Cam Newton sweated through a workout with his new Carolina teammates Wednesday morning, hopped a flight to Washington to meet the president in the afternoon, then quickly returned to make sure he attended the final player-organized workout Thursday.
As the Heisman Trophy winner prepares for the scrutiny of being the NFL's No. 1 overall pick, his work ethic, fitness and willingness to fit in are impressing his veteran teammates.
"He showed up every day early. He's working hard," Panthers linebacker Jon Beason said Thursday. "He's interacted well and he's shown some great leadership."
Newton is making the best of an offseason like no other because of the lockout.
He can't talk to Carolina's new coaching staff. He's forced to learn the playbook on his own. He doesn't have a contract. It's uncertain if top receiver Steve Smith will be his teammate. There is no indication how long of a preseason there will be.
And yet Newton is considered the key to whether the NFL-worst Panthers can contend.
Newton, who led Auburn to the 2010 national title with a dazzling 50-touchdown season, is upbeat and confident even as he acknowledges the NFL is not college football.
"Preparing as a quarterback in the NFL is completely different," he said. "The terminology, the blitz schemes, and at the end of the day, you're not playing freshmen anymore. You're playing grown men. This where speed comes into play at all times."
Newton was able to get a playbook and meet with Carolina's coaches the day after the first round of the draft, when the lockout was temporarily lifted. He said offensive coordinator Rob Chudzinski gave him some "focus points." He's also met with last year's starter, Jimmy Clausen, to compare notes.
Clausen and free-agent QB Matt Moore also attended the workouts the past two weeks at a Charlotte high school.
"I think I've got a grip on who we are as an offense, what Coach Chudzinski is trying to do," Newton said.
Newton believes the Panthers, who managed 16 offensive touchdowns in going 2-14 last season, can turn things around, even if he's not about to make any bold declarations about beating out Clausen for the starting job. Newton called the talent the offense has displayed at the eight days of workouts "something to be scared of."
"We can maximize everybody's potential in this offense," he said.
Carolina's chances to get out of the NFL basement would seemingly be better if Smith stayed. The four-time Pro Bowl receiver, who has two years left on his contract, has hedged on whether he wants to return.
Smith said Monday he's been skipping the workouts that have drawn about 50 players a day because of his wife's ill health. But while Smith wasn't present Thursday, Newton said he did show up earlier in the week.
"To some degree, he's on a different level. I told him this," Newton said. "When I throw a three-step drop or an out-route, I've got to get back real fast to get it to him extremely quick because he's that explosive as a player."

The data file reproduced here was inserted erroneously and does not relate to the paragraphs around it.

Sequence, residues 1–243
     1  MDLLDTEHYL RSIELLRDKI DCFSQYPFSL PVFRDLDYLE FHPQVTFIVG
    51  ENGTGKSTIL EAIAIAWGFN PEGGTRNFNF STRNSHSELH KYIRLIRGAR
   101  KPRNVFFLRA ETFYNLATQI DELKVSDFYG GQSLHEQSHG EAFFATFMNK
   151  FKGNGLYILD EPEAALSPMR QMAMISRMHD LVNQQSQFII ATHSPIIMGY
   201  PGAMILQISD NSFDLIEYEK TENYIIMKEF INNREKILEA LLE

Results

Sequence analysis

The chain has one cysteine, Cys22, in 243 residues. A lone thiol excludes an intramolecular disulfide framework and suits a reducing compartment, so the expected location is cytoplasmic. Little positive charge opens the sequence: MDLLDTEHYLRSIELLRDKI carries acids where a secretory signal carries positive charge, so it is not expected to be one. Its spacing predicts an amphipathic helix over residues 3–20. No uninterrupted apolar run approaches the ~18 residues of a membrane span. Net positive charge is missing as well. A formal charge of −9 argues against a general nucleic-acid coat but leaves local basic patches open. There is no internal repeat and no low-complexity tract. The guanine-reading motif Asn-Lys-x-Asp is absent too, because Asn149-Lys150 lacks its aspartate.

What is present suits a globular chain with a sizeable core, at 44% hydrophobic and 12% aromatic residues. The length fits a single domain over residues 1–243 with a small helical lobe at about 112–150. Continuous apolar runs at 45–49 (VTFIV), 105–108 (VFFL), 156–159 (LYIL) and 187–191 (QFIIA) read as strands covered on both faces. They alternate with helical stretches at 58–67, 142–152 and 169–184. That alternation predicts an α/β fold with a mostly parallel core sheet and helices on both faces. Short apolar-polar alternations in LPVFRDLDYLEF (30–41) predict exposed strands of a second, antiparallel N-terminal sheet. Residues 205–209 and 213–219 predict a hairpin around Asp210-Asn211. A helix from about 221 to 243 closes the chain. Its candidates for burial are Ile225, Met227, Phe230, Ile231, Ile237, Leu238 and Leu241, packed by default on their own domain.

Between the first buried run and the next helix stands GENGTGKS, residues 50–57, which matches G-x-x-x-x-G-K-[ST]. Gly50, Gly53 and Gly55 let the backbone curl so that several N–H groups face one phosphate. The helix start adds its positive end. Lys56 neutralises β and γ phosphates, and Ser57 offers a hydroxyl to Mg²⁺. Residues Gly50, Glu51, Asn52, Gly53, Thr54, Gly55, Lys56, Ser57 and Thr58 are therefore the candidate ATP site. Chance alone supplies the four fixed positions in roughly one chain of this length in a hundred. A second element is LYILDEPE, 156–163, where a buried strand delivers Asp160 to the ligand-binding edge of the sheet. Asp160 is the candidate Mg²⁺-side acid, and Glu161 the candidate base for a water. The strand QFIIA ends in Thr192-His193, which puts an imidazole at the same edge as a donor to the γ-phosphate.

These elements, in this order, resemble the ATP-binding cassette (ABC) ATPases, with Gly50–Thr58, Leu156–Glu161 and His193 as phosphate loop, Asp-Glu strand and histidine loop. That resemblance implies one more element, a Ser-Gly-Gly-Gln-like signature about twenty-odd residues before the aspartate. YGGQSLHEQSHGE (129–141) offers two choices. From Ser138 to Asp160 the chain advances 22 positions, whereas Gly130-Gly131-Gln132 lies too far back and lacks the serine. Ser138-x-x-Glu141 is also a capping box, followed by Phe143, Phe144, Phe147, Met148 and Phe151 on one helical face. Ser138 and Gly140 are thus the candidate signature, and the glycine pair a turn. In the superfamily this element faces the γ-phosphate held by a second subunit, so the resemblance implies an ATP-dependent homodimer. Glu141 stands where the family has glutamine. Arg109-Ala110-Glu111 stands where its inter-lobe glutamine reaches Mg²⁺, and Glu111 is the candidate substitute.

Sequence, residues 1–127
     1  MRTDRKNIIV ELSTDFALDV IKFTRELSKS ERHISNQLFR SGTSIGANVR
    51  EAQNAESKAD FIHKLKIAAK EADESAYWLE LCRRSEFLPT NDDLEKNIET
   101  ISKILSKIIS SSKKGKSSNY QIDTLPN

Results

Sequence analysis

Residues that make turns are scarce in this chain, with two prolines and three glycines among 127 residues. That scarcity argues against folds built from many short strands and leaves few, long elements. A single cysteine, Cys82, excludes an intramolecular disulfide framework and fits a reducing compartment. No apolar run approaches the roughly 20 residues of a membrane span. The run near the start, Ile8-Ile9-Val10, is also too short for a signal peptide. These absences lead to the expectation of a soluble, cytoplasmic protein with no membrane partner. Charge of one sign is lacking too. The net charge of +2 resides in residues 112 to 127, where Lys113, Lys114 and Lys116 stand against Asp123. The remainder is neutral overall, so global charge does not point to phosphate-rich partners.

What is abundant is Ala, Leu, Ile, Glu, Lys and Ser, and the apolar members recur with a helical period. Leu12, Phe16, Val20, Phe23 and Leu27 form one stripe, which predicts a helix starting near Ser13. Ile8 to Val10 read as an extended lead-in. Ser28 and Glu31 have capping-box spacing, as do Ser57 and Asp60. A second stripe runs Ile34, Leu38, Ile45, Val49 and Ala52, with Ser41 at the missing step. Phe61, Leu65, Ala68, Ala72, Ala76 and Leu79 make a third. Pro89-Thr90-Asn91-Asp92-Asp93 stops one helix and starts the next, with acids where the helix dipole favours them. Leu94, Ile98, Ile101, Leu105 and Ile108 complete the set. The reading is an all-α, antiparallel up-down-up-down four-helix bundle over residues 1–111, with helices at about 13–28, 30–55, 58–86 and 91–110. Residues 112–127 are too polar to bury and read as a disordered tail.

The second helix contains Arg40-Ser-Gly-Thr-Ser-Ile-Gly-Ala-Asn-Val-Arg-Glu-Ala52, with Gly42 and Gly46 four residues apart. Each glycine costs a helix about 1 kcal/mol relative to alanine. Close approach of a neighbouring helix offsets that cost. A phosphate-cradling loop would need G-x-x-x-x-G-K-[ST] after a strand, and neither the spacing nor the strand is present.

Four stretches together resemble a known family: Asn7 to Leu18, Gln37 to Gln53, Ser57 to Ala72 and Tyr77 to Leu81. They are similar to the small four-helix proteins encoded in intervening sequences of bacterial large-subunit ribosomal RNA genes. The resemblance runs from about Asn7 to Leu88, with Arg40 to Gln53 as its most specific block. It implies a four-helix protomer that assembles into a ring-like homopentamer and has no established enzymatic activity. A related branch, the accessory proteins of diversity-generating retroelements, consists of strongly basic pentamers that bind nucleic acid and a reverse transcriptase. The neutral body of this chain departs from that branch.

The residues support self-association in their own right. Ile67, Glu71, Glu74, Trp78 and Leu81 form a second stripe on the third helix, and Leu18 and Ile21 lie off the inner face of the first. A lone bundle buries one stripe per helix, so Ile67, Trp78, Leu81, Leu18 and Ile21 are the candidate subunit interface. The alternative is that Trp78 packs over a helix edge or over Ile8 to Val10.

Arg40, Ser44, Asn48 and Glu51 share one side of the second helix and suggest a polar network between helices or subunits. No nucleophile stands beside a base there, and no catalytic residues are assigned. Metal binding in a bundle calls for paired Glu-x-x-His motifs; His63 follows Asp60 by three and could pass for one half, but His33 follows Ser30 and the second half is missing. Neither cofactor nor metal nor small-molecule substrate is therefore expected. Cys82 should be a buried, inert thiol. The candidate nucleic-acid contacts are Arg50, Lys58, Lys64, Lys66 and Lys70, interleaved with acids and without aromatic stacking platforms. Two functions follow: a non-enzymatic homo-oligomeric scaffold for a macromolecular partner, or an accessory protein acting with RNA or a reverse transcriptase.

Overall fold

It's the same attribute the Panthers expect from their new QB. They are gambling that Newton, who played only one season of major college football in a spread offense, will become the franchise quarterback they've never had.
Newton's chiseled 6-foot-5 frame stood out as he wore shorts and a T-shirt without sleeves on Thursday morning, the only day reporters were allowed to attend the workouts.
Newton was one of the first players on the field before 8 a.m. He caught some punts before lobbing some passes. Left tackle Jordan Gross said Newton has won several conditioning contests.
"Cam has really just come in and kind of kept quiet," Gross said. "He had fun with the guys and tried to fit in and earn respect and doing things right. He's thrown some great passes, gotten under center, been vocal with his cadence when we've done our team offense stuff.
"Overall, he's just shown he's in shape and willing to work hard."
Newton showed no fatigue from his day of traveling. He attended a celebration Wednesday at the White House with his old Auburn teammates for winning the national title in January, talking briefly with President Barack Obama.
"The secret service wouldn't let us get too close to him," Newton said. "It was, 'Hey, how are you?'" and you were out. But it was awesome being in his presence."
Then Newton quickly headed back to Charlotte. There was more work to do, more bonding with teammates, more studying.
"Everything has been great," Newton said. "We've been getting excellent participation from the team. We're just out here every single day trying to do the best that we can with the material that we do have to try to learn and comprehend."
Follow Mike Cranston on Twitter at http://twitter.com/MikeCranston1.